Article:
Q&A with filmmaker Akira Boch

Artist and filmmaker Akira Boch's latest film,"The Crumbles", screens at this year's Los Angeles Asian Pacific Film Festival on Friday, May 11th. He recently answered a few questions about the film.

What inspired you to make "The Crumbles"?

"The Crumbles" was inspired by the real-life experience of playing in a garage band—and the ego battles, minor successes, unfulfilled dreams, and life lessons that went along with it. It seems like I spent much of my young adult life deeply involved in bands and other creative collaborations that never went very far. In retrospect, I know the experience of creating something with friends is what matters most, not necessarily what comes of it. This is what I wanted to explore and poke fun at in the film.

Tell us about the cast.

One of my major goals with this film was to get good performances out of an unknown cast. It took us about 6 months to find our primary players, and it was time well spent. We held several open casting calls and saw countless young, talented actors, which is how we found Teresa Michelle Lee (Elisa), Jeff Torres (Dante), and Ebony Perry (Francine). We also trolled the underground music clubs of LA, thinking that a real musician might fit one of the roles. Eventually, we found Katie Hipol (Darla) in Northern California, who is a self-taught musician and theater actress. Seth Millwood (Serge) and Adrian Torres (Giovanni) are actor friends who I already knew would be perfect for their parts.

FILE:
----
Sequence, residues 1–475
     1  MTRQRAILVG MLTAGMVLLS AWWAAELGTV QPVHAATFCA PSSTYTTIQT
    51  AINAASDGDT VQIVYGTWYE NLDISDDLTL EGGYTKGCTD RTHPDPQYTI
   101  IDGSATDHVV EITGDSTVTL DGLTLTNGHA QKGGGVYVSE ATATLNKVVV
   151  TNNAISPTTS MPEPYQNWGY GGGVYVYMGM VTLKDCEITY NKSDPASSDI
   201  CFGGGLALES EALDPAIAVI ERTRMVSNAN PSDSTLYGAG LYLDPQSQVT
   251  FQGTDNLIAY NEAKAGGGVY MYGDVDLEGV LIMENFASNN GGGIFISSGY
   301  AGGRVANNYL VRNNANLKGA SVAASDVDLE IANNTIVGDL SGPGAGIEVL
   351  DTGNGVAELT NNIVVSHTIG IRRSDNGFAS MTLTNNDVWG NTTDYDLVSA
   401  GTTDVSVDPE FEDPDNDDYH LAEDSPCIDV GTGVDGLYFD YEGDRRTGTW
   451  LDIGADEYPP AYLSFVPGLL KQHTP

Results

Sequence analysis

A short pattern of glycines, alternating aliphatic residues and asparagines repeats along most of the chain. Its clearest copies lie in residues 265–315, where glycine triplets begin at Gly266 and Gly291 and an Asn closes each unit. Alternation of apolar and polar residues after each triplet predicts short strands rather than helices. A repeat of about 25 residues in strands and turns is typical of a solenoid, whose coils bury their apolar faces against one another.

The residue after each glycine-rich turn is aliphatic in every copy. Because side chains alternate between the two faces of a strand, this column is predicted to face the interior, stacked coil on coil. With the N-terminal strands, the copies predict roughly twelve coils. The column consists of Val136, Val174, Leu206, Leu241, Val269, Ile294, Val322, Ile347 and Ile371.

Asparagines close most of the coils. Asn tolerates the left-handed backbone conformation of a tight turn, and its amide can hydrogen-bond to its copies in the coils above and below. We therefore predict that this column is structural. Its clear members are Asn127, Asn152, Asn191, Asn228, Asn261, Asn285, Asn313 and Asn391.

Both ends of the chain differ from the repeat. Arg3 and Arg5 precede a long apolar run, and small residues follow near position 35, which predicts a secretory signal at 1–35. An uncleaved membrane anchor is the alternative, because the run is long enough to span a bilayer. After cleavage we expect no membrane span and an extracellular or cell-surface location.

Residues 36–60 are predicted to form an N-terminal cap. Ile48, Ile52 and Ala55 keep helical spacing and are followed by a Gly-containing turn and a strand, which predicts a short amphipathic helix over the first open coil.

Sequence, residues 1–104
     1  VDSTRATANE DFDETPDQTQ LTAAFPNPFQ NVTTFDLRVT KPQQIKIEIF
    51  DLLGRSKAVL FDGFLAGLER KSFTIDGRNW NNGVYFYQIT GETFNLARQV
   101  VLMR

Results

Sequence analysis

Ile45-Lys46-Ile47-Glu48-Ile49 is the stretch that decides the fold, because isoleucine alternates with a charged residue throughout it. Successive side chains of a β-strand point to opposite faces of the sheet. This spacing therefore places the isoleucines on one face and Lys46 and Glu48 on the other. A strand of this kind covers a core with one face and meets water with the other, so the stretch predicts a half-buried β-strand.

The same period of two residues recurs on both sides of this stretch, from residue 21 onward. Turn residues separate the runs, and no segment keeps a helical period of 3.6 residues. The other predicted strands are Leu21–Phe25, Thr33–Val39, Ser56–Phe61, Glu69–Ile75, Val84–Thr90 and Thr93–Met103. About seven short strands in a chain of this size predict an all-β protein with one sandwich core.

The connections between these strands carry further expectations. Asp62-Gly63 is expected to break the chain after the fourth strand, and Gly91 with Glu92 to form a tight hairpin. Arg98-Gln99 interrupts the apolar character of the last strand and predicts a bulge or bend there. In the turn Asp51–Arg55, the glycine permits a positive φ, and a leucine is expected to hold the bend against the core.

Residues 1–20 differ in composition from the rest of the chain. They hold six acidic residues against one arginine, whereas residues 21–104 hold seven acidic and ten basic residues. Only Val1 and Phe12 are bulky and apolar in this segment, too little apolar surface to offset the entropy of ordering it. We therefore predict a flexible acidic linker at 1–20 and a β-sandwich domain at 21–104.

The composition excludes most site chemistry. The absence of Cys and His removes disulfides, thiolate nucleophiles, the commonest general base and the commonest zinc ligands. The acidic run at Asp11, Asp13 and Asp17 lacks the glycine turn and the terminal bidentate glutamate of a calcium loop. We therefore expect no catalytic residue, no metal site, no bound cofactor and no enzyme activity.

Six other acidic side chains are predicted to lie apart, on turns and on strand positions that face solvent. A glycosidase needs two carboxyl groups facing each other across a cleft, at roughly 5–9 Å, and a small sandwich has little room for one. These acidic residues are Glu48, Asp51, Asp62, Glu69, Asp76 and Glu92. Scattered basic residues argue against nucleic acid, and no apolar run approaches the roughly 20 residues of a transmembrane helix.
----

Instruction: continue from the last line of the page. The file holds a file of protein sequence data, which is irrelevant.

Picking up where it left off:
I wanted the cast to be racially diverse, to reflect the multicultural population of Los Angeles. Yet, our casting for each role was color blind -- we saw all sorts of people for every role. It just turned out that these particular actors were right for their parts, and they all had the right chemistry together.

LA's Echo Park is the backdrop for the story. Tell us about your location choices?

I lived for many years in Echo Park, and I feel that it's one of the most interesting and ecclectic neighborhoods in LA. The population is currently generally made up of working class Latinos, hipsters, artists, and odd-ball characters of all stripes. The unique mixture of people makes the neighborhood funky and flavorful, which is why our characters fit right in.

Echo Park has also become a hub of musical activity, where several clubs have popped up. It's probably the cultural vibe that attracts musicians, DJs and music lovers to the area. Plus, it's one of the few neighborhoods in LA that's somewhat pedestrian friendly. You can walk from the bookstore to the club to the taco truck with no problem.

And finally, tell us about your inspiration(s) for the music used in the film?

The music for THE CRUMBLES was written entirely by Quetzal Flores, leader of the East Los Angeles Chicano roots-rock band QUETZAL. I've been friends with Quetzal for many years, and I knew from the beginning that I wanted him to be the film's musical architect. I didn't imagine him writing all of the songs for our on-screen band, but that's what happened. Quetzal is known for playing a highly unique blend of Afro-Latin Alternative/Chicano Roots-Rock (yes, it's hard to describe accurately), but I feel like he perfectly captured the indie/alt rock musical spirit that I wanted to go for. He also tied the music and lyrics beautifully to the narrative of the film.

Before he started writing the music, I gave him a lot of music to listen to, including mainly female-led groups like Cibo Matto and Buffalo Daughter. He also drew inspiration from the music he listened to during his teenage years, including bands like The Smiths, REM, Los Lobos and The Pretenders. The result is a set of amazing, catchy rock tunes that bring a sense of urgency and authenticity to the band and our film.

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